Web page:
Oral gene application using chitosan-DNA nanoparticles induces transferable tolerance

Katja Goldmann*, Stephan M. Ensminger, Bernd M. Spriewald

*Corresponding author for this work
19 Citations (Scopus)


Oral tolerance is a promising approach to induce unresponsiveness to various antigens. The development of tolerogenic vaccines could be exploited in modulating the immune response in autoimmune disease and allograft rejection. In this study, we investigated a nonviral gene transfer strategy for inducing oral tolerance via antigen-encoding chitosan-DNA nanoparticles (NP). Oral application of ovalbumin (OVA)-encoding chitosan-DNA NP (OVA-NP) suppressed the OVA-specific delayed-type hypersensitivity (DTH) response and anti-OVA antibody formation, as well as spleen cell proliferation following OVA stimulation. Cytokine expression patterns following OVA stimulation in vitro showed a shift from a Th1 toward a Th2/Th3 response. The OVANP- induced tolerance was transferable from donor to naïve recipient mice via adoptive spleen cell transfer and was mediated by CD4+CD25+ T cells. These findings indicate that nonviral oral gene transfer can induce regulatory T cells for antigen-specific immune modulation.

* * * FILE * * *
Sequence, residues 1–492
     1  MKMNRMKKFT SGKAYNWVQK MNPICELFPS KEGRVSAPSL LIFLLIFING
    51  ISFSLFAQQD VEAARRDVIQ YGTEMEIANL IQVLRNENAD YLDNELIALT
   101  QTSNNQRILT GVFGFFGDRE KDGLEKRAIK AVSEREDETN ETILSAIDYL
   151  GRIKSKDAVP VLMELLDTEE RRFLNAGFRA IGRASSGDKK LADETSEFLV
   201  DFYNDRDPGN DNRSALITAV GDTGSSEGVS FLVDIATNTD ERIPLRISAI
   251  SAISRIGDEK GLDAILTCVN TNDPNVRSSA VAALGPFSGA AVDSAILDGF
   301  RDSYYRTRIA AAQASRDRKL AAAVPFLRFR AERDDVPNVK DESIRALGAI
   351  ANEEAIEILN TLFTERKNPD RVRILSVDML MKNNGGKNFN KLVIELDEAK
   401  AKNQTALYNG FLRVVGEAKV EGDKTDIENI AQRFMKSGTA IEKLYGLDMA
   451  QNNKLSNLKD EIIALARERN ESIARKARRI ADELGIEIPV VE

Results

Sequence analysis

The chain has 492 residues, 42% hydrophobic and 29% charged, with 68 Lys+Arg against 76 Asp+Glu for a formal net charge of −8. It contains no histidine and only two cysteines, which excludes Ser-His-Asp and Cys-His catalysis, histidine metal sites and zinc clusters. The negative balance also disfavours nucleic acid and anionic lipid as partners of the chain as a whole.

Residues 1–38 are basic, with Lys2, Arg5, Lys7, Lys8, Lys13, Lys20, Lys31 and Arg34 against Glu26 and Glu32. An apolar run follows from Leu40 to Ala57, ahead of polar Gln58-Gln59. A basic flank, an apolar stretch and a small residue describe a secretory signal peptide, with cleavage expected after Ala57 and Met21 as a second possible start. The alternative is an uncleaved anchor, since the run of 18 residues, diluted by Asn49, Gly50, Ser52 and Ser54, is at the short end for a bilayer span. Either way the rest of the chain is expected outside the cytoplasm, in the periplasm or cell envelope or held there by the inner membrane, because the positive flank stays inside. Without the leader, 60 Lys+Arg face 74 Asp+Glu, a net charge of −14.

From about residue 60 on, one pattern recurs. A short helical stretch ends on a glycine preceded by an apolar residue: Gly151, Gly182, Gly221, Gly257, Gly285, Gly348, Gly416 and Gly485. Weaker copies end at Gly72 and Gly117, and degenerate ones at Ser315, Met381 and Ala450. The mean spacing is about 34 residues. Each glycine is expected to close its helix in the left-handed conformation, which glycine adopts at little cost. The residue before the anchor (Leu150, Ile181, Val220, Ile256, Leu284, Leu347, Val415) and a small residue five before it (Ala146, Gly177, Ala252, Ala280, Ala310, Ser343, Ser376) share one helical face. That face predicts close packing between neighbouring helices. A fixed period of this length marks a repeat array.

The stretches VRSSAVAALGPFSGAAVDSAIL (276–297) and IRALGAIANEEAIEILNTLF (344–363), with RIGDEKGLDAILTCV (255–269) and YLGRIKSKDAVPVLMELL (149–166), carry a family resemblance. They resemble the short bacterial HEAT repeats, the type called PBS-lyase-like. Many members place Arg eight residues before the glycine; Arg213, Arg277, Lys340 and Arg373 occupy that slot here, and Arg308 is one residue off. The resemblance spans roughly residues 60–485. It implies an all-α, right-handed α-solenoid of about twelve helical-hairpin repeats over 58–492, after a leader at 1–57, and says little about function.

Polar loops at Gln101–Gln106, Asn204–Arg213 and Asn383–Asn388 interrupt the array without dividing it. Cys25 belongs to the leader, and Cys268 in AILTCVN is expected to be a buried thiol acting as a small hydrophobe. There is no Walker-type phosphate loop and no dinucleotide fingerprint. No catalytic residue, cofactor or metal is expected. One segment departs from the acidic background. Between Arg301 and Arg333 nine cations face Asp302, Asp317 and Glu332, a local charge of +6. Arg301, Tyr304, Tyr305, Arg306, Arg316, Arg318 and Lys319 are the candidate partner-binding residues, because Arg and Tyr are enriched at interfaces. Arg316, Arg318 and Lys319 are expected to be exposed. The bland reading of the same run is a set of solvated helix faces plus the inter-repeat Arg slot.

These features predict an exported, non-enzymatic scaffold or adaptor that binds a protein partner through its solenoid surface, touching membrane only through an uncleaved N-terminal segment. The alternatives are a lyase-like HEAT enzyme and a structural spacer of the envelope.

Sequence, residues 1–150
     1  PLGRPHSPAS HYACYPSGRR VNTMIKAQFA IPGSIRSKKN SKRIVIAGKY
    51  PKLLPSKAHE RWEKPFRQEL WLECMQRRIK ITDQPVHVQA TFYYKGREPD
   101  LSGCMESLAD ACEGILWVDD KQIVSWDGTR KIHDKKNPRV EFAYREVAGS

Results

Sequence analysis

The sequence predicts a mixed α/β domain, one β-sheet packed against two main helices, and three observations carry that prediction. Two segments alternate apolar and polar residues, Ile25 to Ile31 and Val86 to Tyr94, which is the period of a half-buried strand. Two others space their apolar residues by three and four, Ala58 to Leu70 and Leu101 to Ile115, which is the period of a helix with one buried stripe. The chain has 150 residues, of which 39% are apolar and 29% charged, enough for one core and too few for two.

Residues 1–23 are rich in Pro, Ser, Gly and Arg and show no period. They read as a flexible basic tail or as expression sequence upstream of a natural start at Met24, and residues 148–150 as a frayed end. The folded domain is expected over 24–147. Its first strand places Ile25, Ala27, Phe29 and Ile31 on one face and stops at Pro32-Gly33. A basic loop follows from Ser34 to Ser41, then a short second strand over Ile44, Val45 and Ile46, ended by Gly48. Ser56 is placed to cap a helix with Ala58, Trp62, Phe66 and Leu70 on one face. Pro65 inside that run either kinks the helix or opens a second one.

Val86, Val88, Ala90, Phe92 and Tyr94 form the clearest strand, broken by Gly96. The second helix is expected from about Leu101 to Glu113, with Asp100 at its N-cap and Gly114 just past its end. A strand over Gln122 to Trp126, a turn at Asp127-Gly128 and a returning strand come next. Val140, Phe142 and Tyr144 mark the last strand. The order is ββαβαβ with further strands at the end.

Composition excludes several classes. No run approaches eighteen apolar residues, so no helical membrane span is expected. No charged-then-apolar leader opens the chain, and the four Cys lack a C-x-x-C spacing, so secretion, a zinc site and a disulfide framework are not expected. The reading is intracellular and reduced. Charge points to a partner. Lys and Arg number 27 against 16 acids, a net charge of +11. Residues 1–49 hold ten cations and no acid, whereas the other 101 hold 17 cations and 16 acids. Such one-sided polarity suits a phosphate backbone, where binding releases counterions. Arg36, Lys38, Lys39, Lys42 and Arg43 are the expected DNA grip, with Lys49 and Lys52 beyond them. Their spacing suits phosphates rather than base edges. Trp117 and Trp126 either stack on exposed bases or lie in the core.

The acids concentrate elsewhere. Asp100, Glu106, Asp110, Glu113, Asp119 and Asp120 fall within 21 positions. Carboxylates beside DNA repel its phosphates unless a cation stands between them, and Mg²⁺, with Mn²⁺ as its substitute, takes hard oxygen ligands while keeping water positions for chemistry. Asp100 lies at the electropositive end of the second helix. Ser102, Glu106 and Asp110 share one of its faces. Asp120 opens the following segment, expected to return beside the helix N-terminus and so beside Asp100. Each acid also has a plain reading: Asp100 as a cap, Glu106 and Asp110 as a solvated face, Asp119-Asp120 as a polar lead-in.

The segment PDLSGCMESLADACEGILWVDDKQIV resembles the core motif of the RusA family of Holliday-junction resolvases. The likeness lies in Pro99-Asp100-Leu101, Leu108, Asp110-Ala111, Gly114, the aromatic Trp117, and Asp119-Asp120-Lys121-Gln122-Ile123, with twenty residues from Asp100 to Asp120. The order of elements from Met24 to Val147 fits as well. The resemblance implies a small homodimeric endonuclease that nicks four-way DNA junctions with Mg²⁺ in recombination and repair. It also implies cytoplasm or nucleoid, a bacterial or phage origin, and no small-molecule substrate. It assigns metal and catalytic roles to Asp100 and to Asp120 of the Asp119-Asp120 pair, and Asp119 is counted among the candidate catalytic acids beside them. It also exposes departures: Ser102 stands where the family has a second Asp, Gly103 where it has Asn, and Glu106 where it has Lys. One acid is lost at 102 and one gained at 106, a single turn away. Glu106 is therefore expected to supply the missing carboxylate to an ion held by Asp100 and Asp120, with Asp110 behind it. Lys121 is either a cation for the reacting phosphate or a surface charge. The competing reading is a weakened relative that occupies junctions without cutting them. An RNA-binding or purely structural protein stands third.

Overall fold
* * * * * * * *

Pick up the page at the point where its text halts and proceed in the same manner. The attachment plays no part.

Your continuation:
Original languageEnglish
JournalClinical and Vaccine Immunology
Issue number11
Pages (from-to)1758-1764
Number of pages7
Publication statusPublished - 11.2012


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